The Sleeping Beauty
Gelsey Kirkland received her early training at the School of American Ballet, gaining early stage experience dancing children’s roles in Balanchine’s The Nutcracker, A Midsummer Night’s Dream and Harlequinade. She graduated to the New York City Ballet in 1968, was promoted to soloist in 1970 and principal dancer in 1972. While in the New York City Ballet she performed a variety of leading roles in their repertory, including Concerto Barocco, The Cage, Irish Fantasy, Symphony in C, La Source, Theme and Variations, Tarantella, Harlequinade, The Nutcracker and Dances at a Gathering.
Her desire to master roles in full-length works coincided with Mikhail Baryshnikov’s defection and invitation to dance with him at American Ballet Theatre which she joined in 1974 as principal dancer. Teachers most influential in her development as a classical artist include Stanley Williams, Maggie Black, David Howard, actress and mime Pilar Garcia and dramaturge Greg Lawrence.
Kirkland received worldwide acclaim for her performances in the classical repertory: the title role in Giselle, Kitri in Don Quixote, Clara in The Nutcracker, Swanilda in Coppélia, Aurora in
The Sleeping Beauty, Juliet in Romeo and Juliet, the Sylph in La Sylphide, Lise in La Fille Mal Gardée, Odette/Odile in Swan Lake, Nikiya in The Kingdom of the Shades, the Mazurka and pas de deux in Les Sylphides, and the Sleepwalker in La Sonnambula.
Major choreographers have been inspired to create new works for her; namely, a production of Firebird by George Balanchine when she was seventeen, several ballets by Jerome Robbins, and Antony Tudor’s The Leaves are Fading and The Tiller in the Fields.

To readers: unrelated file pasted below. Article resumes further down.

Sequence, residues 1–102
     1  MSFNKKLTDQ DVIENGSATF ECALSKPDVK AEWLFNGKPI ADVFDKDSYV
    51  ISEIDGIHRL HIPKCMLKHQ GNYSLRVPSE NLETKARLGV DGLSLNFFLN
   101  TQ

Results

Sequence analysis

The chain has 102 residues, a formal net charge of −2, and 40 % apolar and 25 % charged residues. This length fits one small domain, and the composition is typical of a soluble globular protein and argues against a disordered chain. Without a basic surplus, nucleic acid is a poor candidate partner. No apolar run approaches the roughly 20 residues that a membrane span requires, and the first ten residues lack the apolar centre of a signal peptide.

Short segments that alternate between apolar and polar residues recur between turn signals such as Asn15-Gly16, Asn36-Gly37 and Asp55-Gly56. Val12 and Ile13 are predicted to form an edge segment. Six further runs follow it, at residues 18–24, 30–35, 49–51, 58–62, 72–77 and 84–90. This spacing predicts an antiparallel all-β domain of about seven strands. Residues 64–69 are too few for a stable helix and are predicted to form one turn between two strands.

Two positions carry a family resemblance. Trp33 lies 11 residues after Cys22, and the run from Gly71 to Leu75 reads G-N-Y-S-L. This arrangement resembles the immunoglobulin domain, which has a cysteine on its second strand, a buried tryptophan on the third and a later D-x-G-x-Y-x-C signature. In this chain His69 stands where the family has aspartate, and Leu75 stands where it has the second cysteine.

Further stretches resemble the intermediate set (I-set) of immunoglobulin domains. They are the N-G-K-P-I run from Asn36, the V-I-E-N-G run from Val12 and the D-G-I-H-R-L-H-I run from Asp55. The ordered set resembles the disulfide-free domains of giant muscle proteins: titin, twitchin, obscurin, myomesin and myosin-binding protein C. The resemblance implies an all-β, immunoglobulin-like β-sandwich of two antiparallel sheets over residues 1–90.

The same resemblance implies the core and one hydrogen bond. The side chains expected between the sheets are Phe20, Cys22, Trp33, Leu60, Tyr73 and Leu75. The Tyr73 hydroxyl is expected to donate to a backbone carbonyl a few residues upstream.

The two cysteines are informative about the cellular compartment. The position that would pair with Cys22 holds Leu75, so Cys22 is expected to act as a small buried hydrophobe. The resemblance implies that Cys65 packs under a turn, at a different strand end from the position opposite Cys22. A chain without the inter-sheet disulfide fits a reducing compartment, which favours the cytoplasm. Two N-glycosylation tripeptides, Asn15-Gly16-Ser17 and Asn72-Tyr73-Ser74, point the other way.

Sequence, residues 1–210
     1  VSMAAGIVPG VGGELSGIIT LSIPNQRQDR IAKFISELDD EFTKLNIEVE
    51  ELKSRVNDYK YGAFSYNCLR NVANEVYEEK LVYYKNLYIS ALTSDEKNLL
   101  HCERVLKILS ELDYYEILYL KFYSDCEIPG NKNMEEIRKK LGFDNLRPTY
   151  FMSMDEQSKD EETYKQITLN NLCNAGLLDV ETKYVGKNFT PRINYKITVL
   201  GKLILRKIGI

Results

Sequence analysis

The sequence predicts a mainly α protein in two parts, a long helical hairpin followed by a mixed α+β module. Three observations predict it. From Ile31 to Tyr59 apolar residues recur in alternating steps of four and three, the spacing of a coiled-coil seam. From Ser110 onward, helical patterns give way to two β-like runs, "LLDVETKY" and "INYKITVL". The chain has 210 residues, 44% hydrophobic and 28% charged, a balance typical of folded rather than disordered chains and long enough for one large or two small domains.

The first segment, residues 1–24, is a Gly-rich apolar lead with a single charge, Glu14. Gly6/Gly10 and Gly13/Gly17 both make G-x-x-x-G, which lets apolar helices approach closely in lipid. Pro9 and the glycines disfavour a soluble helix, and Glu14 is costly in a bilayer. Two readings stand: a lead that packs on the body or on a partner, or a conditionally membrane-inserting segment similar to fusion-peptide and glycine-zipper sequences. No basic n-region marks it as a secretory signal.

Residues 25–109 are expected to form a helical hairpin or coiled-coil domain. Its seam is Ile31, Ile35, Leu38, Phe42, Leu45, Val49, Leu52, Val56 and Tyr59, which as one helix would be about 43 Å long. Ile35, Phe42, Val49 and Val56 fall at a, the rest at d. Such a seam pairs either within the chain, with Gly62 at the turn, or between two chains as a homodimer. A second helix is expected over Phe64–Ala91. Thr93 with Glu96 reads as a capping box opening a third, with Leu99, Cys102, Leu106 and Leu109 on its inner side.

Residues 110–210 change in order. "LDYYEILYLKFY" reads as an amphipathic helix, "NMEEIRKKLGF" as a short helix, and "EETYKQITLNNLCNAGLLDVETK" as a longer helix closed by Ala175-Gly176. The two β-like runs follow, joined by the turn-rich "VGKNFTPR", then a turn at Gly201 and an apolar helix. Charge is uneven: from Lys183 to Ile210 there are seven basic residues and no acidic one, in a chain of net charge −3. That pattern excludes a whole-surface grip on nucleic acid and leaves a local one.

Kirkland’s guest appearances with leading companies are notably the critically acclaimed performances of The Sleeping Beauty and MacMillan’s Romeo and Juliet with The Royal Ballet at Covent Garden, and in Cranko’s Romeo and Juliet with The Stuttgart Ballet. On the occasion of Queen Elizabeth’s 60th Birthday Gala at Covent Garden she performed the balcony pas de deux with Anthony Dowell.
Numbered among her partners are some of the leading premier danseurs of the 20th century including Baryshnikov, Nureyev, Dowell, Martins, Nagy, Bujones, Villella, Tomasson, D’Amboise.
Her appearances on American and British television include Live from Lincoln Centre and the film version of Baryshnikov’s The Nutcracker.
Published works by Kirkland include three books co-written with Greg Lawrence: Dancing on My Grave (1987), a best selling autobiography published in 5 languages, The Shape of Love (1990), contracted and published as a book on dance education and a children’s book titled The Little Ballerina and her Dancing Horse (1993).
Kirkland has been honored at the White House by First Lady Nancy Reagan, and has been the recipient of awards that include the Victory of the Spirit Award at the Kennedy Center and the Gerald Manley Hopkins Theatre Award. She was appointed to the Board of Directors for Sight Savers International, named National Chairwoman for USA International Ballet Competition, Jackson, Mississippi, and was an honored alumnus at the 50th Anniversary Gala for American Ballet Theatre at the Metropolitan Opera House.
Retirement from the stage in 1986 marked Miss Kirkland’s transition into teaching and coaching: master classes, private coaching, teaching and coaching in institutions such as American Ballet Theatre, The Royal Ballet School, English National Ballet, The Australian Ballet, as well as in various
dance schools throughout the USA and Australia. In the 1990’s she was Professor of Dance at Adelphi University in New York.
Currently she is working in New York City with her husband, dramaturge Michael Chernov.